• Cloud Says:

        Here’s something I wrote about how I get teams to make decisions. I use the same techniques on myself when I need to make a decision:
        http://beyondmanaging.com/2015/06/getting-a-decision-made/

        If you’re working on getting yourself to make decisions, probably the most important thing is to figure out what you need to make decisions. I need to gather data and then take a walk to mull it over. I can’t skip either step on an important decision!

    • nicoleandmaggie Says:

      In general, what ends up happening with both DC1 and DH is that they do the default, which is nothing.

      DC1 was asking the right questions, but we didn’t know the answers!

  8. rose Says:

    Don’t disrupt family for something kid says they do not care about. (ceremony). DO family recognition at Sushi!

  9. chacha1 Says:

    I think whoever scheduled the ceremony so that the honorees have to miss class is a blithering idiot.

  10. Susan Says:

    If your kid doesn’t care, I would certainly skip it especially since there is significant hassle to go.

  11. Revanche @ A Gai Shan Life Says:

    I would skip it – I went to mine and it was boring and meant nothing to me in the long run. But sushi, that would be exciting! :)

  12. Donna Freedman Says:

    I always found such ceremonies to be boring, too. That plus the fact that DC doesn’t care one way or the other would equal (for me) a “skip it, and get sushi in the evening.”

  13. bogart Says:

    I like the sushi suggestion, but if I didn’t pick that one, I’d flip a coin to decide between the original pair of options.

  14. Ana Says:

    If the kid doesn’t seem to care, and neither do the parents, I’d go with the path of least resistance…which is skipping it. In the middle of a school/work day, maybe enough people won’t go that they will reconsider timing for future events!

    • nicoleandmaggie Says:

      Last year it was on a Saturday, according to my friend whose son did it last year. I’m guessing the timing is up against University end-of-year events this year.

    • nicoleandmaggie Says:

      (My friend is also not impressed by DC1’s scores– I think her son must have done much better. She’s also concerned that DC1 didn’t get into NJHS this year and isn’t doing any sports. I don’t often feel like I’m not enough of a tiger mom! DC1 is in a lot of extracurriculars, but none of them are competitive or public service oriented– they’re all math and music and swimming but without the competitions. It’s so much stress for everyone just to make sure that DC1 mostly turns in hir practice logs and other homework the weeks they’re due that I can’t imagine adding more on top of that. When would zie read novels?!?)

  15. EB Says:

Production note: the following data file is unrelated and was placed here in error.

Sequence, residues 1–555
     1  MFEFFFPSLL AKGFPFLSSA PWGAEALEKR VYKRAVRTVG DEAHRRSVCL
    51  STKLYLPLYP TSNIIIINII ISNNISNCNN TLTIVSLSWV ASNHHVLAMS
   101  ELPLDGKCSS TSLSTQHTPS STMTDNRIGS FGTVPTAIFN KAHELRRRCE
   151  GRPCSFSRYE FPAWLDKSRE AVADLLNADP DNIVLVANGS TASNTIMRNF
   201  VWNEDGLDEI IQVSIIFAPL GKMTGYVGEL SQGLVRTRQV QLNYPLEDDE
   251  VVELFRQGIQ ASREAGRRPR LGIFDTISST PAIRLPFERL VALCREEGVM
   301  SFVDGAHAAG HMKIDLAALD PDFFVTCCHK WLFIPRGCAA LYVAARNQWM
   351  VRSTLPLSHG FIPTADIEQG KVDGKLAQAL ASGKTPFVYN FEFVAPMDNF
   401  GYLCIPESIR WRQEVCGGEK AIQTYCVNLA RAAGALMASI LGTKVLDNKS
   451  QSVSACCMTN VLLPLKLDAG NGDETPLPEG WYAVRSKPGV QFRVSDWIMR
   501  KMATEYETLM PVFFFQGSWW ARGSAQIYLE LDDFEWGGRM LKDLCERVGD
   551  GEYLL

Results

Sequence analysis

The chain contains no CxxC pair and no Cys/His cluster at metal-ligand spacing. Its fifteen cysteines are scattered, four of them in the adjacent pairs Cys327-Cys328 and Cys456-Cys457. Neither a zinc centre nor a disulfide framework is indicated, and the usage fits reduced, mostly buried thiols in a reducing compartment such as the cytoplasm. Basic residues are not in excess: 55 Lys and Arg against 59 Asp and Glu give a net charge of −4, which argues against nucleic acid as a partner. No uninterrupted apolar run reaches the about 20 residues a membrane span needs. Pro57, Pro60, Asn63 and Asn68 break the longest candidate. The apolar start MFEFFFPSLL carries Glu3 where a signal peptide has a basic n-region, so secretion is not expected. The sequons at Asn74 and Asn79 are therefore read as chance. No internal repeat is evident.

To me, you don’t do the SAT at a younger age to get “recognition,” you do it in order to become eligible for advanced academic opportunity. The ceremony is mostly for the school district officials or talent program administrators who get to showcase their success in getting students through the process. Save your valuable ceremony-attending-time for recognitions that make more sense.

    • nicoleandmaggie Says:

      The advanced academic opportunities are so expennnnnsive (whiiiiine).

      • gasstationwithoutpumps Says:

        I agree, we ended up never buying any of the “advanced academic opportunities” after our son qualified for them. There were a couple that we would have bought for him, but they conflicted with theater summer camps, which he decided was more important to him.

      • bogart Says:

        I remember looking at those opportunities as a kid and thinking, “… I am being invited to ***attend school*** during the ***summer***?! No thanks!!!” Obviously your DC1 (and many others) may feel differently!

      • nicoleandmaggie Says:

        Heh. DC1 actually chose to do the computer literacy course this summer instead of waiving out of it (only need 70% on the test to waive) because zie wants to learn more excel.

      • EB Says:

        Wow. In our town, the good SAT scores had a lot to do with placement in high school advanced classes, and being recruited for local (i.e. not thru the talent search) opportunities that were cheap or free. I did not know anyone who took the talent search people up on their expensive offers.

      • nicoleandmaggie Says:

        Here those opportunities are open to all, except GT stuff which uses state tests.

  16. Matthew Healy Says:

    I’d be inclined to slip the ceremony, but that’s just my preference. When I got my doctorate I had them mail the diploma and I’m not sure I could find it now if I tried. I deeply value what I learned in grad school, but the sheepskin as a physical object isn’t a big deal to me.